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CALIFORNIA | LOCAL
May 14, 2001 | BOB POOL, TIMES STAFF WRITER
One Russian-American spy scandal killed Eugene Posa. Forty-one years later, his family fears another one could keep his body hidden. Posa was a 38-year-old Air Force captain from Santa Monica in 1960 when he was tapped for a team to replace captured American U2 spy Francis Gary Powers for secret aerial surveillance over the Soviet Union. But a Soviet MIG fighter shot down Posa's Boeing RB-47 on its first flight. Posa seemed to disappear with the plane into the Barents Sea.
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CALIFORNIA | LOCAL
May 14, 2001 | BOB POOL, TIMES STAFF WRITER
One Russian-American spy scandal killed Eugene Posa. Forty-one years later, his family fears another one could keep his body hidden. Posa was a 38-year-old Air Force captain from Santa Monica in 1960 when he was tapped for a team to replace captured American U2 spy Francis Gary Powers for secret aerial surveillance over the Soviet Union. But a Soviet MIG fighter shot down Posa's Boeing RB-47 on its first flight. Posa seemed to disappear with the plane into the Barents Sea.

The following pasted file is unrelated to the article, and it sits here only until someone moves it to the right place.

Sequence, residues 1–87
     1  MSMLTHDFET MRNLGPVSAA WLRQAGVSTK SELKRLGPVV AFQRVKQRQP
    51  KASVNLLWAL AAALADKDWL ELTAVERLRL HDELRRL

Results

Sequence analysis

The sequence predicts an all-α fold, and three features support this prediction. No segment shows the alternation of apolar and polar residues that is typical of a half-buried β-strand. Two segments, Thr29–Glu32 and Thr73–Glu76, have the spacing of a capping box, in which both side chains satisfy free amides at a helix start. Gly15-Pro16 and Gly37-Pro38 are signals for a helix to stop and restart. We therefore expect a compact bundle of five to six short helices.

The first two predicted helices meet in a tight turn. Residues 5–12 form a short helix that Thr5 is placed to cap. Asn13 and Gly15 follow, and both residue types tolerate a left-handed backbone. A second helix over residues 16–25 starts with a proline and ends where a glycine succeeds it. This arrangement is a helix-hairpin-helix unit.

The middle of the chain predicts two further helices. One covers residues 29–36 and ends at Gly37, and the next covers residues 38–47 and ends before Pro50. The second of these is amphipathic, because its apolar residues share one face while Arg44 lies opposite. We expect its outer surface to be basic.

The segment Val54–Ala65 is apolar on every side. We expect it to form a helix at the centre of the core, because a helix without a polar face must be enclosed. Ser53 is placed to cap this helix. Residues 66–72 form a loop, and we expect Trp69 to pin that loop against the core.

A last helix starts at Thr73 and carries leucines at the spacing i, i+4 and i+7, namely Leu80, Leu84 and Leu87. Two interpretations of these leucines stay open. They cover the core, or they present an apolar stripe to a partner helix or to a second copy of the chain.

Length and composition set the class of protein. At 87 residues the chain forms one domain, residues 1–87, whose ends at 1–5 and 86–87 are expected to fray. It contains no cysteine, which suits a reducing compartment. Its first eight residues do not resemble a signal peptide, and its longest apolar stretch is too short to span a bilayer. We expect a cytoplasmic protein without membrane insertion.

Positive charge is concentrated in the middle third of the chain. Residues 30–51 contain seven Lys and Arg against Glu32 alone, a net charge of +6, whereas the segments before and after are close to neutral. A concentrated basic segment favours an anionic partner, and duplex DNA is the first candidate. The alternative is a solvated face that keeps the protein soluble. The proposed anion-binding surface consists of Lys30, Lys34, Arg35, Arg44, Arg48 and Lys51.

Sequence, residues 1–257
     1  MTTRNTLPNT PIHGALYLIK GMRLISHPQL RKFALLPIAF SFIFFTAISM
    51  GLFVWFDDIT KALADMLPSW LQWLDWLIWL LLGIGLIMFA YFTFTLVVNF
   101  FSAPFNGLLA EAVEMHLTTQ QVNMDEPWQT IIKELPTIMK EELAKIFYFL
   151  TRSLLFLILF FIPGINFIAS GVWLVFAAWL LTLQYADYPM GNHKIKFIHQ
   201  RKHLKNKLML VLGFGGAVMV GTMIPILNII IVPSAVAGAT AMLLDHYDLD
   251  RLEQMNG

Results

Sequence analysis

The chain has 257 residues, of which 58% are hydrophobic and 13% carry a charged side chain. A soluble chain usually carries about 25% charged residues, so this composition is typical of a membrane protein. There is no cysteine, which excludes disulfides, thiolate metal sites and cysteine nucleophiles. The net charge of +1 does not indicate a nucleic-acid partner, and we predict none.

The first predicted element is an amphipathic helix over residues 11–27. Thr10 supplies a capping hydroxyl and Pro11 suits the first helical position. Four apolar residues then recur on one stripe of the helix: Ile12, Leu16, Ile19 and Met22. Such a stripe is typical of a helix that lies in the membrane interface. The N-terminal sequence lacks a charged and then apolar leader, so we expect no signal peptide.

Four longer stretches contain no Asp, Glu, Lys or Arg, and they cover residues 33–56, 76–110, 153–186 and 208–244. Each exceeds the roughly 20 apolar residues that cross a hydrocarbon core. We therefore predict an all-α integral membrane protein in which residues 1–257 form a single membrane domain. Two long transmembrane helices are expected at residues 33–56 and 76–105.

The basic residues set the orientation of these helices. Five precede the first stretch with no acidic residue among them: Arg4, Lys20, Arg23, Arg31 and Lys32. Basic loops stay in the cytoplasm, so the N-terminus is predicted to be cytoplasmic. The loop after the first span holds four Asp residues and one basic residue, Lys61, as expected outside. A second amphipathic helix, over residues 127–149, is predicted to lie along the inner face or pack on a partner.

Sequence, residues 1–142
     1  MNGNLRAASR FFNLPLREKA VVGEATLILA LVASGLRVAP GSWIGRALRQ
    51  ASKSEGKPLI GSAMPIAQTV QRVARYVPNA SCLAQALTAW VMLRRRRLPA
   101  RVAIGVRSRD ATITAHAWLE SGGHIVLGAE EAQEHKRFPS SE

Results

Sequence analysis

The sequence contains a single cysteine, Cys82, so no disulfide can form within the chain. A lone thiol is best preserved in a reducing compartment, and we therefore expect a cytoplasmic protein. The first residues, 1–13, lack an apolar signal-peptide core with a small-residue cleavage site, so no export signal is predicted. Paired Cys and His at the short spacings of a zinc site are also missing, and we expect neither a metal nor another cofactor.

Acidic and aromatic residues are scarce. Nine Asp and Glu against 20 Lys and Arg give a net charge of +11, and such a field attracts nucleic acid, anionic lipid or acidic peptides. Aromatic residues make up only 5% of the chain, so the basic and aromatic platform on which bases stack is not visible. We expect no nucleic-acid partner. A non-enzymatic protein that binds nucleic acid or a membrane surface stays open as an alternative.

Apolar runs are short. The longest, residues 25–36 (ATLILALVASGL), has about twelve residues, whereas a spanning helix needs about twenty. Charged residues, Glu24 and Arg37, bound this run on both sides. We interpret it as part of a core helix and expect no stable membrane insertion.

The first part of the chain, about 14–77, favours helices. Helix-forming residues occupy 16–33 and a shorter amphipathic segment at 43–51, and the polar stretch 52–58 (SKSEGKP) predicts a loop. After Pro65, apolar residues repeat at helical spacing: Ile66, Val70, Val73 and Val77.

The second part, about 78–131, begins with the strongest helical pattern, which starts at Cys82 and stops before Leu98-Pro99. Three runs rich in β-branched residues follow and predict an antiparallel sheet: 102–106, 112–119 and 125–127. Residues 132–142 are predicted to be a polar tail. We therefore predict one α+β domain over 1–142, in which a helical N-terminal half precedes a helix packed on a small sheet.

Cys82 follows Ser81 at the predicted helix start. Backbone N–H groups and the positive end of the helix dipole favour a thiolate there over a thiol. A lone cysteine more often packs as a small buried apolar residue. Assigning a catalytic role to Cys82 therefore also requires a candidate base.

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MAGAZINE
August 13, 2000 | MARY MELTON
THE PREPPING HANDBOOK * The Democratic National Convention handed out hospitality kits to each of the 4,506 delegates, filled with California-grown raisins, oranges, tuna, olives, dates and wine, and a jar of "dietetic" fruit labeled, "Welcome Delegates -- Gov. 'Pat' Brown." * To accommodate feeding as many as 16,000 daily attendees, the Sports Arena installed "new radar ranges that can cook beef, bake potatoes and vegetables in a minute and 10 seconds."